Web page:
Chapter

New Social Risks in Old Welfare States

Gøsta Esping‐Andersen

in Social Foundations of Postindustrial Economies

Published in print February 1999 | ISBN: 9780198742005
Published online November 2003 | e-ISBN: 9780191599163 | DOI: http://dx.doi.org/10.1093/0198742002.003.0008
 New Social Risks in Old Welfare States

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The introduction discusses the idea of a mature welfare state, and shows that the welfare state of the 1970s can be regarded as mature basically because few, if any, major changes have occurred since then. Not only did the welfare state stabilize but so also did the embracing welfare regime. Looks at the welfare state crisis and the paradoxes within this, noting (as at the beginning of the book) that the shocks come principally from the labour market and declining family stability, thus bringing growing pressures on the welfare state itself, and implying that it needs to be examined. Suggests that it would be much more fruitful to analyse the crisis as pertaining to welfare regimes. Argues that the essence of the problem lies in the growing disjuncture between existing institutional arrangements and emerging risk profiles: the bottom‐line analytical question is how and under what conditions welfare regimes are being recast to respond to the new—post‐industrial—economic realities. The first two sections look at the public attitudes to the welfare state, and the welfare state as a Trojan horse. The following sections discuss new risks and new equalities of welfare regimes—how they deal with the Trojan horse—under the following headings: Managing the Labour Market; Labour Market Risks and Welfare Regimes; Family Risks and Welfare Regimes; and Welfare State Adaptation to Exogenous Shocks and New Risks.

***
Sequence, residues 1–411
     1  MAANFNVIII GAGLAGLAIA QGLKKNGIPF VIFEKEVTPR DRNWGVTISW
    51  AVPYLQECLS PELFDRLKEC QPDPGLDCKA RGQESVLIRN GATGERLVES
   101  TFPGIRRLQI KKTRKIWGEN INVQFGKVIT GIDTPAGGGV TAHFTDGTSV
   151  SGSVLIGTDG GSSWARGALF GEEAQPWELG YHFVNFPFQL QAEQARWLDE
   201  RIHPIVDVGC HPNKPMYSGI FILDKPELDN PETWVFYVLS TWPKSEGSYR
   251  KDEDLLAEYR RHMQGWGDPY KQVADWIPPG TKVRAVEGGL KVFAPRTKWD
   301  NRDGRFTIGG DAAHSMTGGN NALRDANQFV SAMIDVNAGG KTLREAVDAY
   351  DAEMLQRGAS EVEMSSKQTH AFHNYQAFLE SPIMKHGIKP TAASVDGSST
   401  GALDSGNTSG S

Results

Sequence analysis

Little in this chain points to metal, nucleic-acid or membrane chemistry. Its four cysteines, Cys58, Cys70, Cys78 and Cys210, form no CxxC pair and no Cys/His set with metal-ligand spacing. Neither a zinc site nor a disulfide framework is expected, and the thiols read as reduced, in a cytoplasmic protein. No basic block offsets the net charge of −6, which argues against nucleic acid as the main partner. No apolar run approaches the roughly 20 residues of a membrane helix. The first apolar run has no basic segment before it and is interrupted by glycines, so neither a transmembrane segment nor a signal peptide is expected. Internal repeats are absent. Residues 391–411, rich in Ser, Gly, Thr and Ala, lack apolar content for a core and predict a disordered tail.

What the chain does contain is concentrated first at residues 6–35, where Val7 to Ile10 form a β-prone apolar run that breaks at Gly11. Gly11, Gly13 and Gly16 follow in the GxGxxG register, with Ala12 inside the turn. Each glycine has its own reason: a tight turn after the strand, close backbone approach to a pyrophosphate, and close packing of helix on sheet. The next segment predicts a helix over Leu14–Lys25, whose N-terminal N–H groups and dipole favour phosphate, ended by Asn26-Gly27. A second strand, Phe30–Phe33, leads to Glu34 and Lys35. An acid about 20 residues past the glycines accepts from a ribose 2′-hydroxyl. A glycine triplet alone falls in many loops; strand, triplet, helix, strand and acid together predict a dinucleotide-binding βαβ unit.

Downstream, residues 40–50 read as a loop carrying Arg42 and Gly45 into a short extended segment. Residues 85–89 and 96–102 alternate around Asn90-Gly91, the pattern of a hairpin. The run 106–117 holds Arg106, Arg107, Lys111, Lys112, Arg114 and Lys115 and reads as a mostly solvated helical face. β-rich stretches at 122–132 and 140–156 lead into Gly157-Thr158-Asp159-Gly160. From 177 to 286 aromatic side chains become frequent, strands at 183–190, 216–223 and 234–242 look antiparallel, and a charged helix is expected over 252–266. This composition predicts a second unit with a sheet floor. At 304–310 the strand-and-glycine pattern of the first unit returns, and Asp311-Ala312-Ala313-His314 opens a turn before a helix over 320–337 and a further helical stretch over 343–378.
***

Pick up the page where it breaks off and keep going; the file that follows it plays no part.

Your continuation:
Keywords: equality; exogenous shocks; family risks; family stability; institutional arrangements; labour market risks; labour markets; old welfare states; post‐industrial economics; public attitudes; risk profiles; risks; social risks; welfare regimes; welfare state; welfare state adaptation; welfare state crisis

Chapter.  10787 words. 

Subjects: Comparative Politics

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